YouTube for soccer Moms

YouTube for soccer Moms

Pure Digital is unveiling a new, cheap camcorder that syncs easily with YouTube. It could be a hit with parents and, eventually, investors.

By Paul R. La Monica, editor at large

flip_in_hand.03.jpgNEW YORK ( — A closely held tech firm with some impressive financial backing is hoping to piggyback on the success of YouTube and other online video sites with a new, inexpensive camcorder geared to older consumers who may not be as tech-savvy as their kids.

Pure Digital, which makes disposable cameras sold in drugstores, is launching a new pocket-sized camcorder called Flip Video on Tuesday. The product, which will be available at Target, Costco, Best Buy and on, comes with a USB arm to connect to a personal computer or Mac.

Pure Digital's Flip Video is a camcorder that fits in a pocket…

…and can easily upload files to sites like YouTube thanks to a built in USB arm.

Jonathan Kaplan, CEO of San Francisco-based Pure Digital, said the company hopes to make it easier for people to record and share video online. To that end, the camcorder comes with built-in software that makes it easy for people to upload their videos onto Google (Charts, Fortune 500)-owned YouTube or Grouper, an online video site owned by Sony (Charts).

"There is so much pent-up demand for capturing and sharing video. But the challenge is that there is no great, easy way to get video up on YouTube," Kaplan said. "The user-generated content mainly comes from Webcams, cell phones and digital still cameras. There is no simple, affordable device to capture video so we decided to address that."

Pure Digital is selling two versions of Flip Video, one that can hold about 30 minutes of video and another that stores an hour. The 30-minute version will cost about $119 while the 60-minute version will sell for around $149. Both devices run on standard AA batteries.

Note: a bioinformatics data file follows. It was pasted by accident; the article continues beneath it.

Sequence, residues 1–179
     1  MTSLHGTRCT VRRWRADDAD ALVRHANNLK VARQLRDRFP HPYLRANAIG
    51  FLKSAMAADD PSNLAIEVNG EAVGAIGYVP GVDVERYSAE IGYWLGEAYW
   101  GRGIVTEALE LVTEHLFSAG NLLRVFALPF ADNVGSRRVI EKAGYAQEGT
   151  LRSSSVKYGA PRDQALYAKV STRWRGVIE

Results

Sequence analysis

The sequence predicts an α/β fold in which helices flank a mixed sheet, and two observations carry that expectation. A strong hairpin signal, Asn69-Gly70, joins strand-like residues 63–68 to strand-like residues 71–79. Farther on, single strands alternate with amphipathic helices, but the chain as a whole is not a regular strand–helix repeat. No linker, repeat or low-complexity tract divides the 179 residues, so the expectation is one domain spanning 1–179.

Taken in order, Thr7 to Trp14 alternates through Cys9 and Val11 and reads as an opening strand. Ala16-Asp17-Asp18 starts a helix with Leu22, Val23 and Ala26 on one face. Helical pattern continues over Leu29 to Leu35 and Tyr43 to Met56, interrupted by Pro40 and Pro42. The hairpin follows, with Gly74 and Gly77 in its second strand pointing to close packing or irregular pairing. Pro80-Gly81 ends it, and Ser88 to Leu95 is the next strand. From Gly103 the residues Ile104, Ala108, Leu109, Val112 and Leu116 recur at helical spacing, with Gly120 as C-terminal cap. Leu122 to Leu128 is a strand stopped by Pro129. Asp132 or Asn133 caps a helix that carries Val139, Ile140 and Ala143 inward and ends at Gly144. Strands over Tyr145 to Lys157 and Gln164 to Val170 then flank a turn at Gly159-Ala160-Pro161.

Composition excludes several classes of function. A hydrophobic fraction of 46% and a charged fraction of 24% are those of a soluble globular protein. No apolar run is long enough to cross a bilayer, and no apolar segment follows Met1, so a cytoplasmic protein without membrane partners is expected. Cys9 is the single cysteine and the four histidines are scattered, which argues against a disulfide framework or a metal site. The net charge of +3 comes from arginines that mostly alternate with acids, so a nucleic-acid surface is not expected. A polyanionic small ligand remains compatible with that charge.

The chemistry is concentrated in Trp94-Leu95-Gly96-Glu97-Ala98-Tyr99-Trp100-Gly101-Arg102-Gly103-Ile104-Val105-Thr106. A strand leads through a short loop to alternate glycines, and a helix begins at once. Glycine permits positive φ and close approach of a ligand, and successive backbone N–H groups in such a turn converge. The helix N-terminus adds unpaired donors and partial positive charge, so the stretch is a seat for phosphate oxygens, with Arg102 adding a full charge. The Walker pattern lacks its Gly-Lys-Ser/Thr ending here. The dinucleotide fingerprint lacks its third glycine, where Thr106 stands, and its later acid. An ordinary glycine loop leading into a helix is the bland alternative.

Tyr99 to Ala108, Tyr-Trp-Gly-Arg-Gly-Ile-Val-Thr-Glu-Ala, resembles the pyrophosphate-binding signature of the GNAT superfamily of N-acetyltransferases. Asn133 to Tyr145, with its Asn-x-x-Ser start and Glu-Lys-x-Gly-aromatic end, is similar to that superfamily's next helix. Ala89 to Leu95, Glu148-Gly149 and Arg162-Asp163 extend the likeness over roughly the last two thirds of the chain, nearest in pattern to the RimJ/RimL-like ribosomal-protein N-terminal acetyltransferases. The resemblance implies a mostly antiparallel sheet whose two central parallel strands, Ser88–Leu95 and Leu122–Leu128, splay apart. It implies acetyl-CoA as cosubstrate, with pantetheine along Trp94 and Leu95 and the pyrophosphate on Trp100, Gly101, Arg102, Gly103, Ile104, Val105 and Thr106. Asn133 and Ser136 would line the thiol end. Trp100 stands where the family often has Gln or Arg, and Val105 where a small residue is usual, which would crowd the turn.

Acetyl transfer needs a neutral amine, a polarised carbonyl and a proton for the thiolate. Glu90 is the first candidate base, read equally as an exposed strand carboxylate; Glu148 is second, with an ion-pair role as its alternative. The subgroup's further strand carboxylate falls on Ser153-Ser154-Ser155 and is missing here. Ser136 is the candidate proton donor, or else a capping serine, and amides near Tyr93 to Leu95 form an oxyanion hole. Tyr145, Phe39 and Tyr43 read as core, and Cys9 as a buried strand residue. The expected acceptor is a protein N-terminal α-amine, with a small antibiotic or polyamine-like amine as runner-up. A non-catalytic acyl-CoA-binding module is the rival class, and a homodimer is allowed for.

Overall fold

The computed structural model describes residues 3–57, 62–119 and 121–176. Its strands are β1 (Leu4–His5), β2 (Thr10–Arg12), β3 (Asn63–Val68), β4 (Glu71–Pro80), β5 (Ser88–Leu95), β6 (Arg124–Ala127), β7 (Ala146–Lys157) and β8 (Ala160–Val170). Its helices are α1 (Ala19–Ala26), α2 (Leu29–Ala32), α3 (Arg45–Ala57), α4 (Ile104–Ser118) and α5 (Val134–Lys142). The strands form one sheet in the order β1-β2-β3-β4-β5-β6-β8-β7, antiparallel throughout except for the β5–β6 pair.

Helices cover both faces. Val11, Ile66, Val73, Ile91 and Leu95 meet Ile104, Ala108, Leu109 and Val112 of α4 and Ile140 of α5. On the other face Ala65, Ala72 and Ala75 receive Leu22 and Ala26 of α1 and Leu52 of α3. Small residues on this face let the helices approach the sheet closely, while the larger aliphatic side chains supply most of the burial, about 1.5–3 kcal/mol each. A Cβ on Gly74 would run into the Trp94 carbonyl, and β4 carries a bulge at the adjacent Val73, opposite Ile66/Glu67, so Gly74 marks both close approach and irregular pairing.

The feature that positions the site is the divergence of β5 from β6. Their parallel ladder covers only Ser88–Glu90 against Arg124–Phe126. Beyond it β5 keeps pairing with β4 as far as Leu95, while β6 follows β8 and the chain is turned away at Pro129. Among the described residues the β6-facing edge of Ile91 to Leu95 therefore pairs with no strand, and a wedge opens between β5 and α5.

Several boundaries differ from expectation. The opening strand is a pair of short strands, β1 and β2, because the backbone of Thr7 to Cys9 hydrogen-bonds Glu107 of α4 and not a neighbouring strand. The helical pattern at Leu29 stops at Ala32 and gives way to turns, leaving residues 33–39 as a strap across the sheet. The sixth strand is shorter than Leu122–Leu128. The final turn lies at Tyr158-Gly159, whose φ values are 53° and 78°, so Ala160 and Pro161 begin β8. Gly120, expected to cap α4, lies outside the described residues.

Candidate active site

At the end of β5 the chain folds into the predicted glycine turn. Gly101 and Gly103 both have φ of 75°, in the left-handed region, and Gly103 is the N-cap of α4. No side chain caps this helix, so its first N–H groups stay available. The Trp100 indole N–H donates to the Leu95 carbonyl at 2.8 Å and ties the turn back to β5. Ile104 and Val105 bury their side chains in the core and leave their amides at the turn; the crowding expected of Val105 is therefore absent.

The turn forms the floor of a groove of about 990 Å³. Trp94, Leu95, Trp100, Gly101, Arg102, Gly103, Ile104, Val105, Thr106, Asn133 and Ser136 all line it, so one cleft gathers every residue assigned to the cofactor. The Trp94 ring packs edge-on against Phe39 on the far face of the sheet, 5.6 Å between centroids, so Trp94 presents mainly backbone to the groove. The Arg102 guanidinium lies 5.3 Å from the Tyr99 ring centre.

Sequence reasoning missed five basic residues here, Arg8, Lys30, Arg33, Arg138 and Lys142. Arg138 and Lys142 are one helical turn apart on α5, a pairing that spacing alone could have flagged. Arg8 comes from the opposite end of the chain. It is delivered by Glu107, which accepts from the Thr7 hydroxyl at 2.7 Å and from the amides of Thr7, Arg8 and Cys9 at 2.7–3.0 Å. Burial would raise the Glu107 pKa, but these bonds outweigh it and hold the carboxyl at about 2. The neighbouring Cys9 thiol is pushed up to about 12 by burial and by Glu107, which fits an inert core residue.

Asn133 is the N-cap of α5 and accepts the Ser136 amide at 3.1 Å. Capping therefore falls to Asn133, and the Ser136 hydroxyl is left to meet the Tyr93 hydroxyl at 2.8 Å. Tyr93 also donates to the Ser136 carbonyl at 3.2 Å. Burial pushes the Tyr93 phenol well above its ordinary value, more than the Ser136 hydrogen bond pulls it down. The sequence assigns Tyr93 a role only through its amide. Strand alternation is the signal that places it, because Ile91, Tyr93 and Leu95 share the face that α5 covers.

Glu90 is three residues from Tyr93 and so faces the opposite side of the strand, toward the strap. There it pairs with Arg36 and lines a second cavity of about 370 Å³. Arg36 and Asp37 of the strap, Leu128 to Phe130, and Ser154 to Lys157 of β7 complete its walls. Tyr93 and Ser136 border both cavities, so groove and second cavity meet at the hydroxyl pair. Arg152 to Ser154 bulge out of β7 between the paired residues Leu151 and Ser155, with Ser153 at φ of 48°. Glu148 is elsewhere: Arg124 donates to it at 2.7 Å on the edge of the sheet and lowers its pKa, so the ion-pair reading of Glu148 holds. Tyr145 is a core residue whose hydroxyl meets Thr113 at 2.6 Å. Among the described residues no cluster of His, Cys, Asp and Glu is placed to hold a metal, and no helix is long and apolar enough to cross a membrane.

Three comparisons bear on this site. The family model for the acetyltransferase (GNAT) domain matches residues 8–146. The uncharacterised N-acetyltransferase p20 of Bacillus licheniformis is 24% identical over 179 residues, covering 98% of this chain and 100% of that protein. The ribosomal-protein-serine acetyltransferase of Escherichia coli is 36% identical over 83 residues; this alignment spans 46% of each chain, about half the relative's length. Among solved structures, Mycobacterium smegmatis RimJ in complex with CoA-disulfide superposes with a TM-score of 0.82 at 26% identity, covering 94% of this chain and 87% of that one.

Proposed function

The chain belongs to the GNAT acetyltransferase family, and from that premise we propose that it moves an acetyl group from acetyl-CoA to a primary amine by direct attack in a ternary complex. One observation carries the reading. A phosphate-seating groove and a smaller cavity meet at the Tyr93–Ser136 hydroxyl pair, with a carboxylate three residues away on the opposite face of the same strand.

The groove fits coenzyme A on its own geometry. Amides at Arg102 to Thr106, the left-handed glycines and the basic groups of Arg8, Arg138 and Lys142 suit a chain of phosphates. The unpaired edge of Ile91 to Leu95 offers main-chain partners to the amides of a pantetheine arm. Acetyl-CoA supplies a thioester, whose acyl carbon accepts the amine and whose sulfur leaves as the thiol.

So is Pure Digital really filling a void? After all, a quick look at YouTube and other online video sites shows that there isn't exactly a dearth of user-generated content on the Web.

Kaplan argues that the quality of the Flip Video will be better than the rudimentary video functions offered on mobile phones or digital cameras and that Flip Video will allow people to shoot more creatively since they won't be tied to a Webcam.

"Most of the moments you want to record for YouTube are not happening at your desk in your office or at home unless you're Lonelygirl15," he said, referring to the popular video blog series portraying the life of a fictional teen.

Ross Rubin, director of industry analysis for consumer technology at The NPD Group, a consumer research firm based in Port Washington, N.Y., said that Flip Video may not appeal to younger consumers comfortable filming video on their cell phones or other devices.

But he said the product could be a hit with parents looking for an easy way to record their kids and post videos online. That's one reason Pure Digital is selling the product in Target and Costco – to attract Moms and Dads .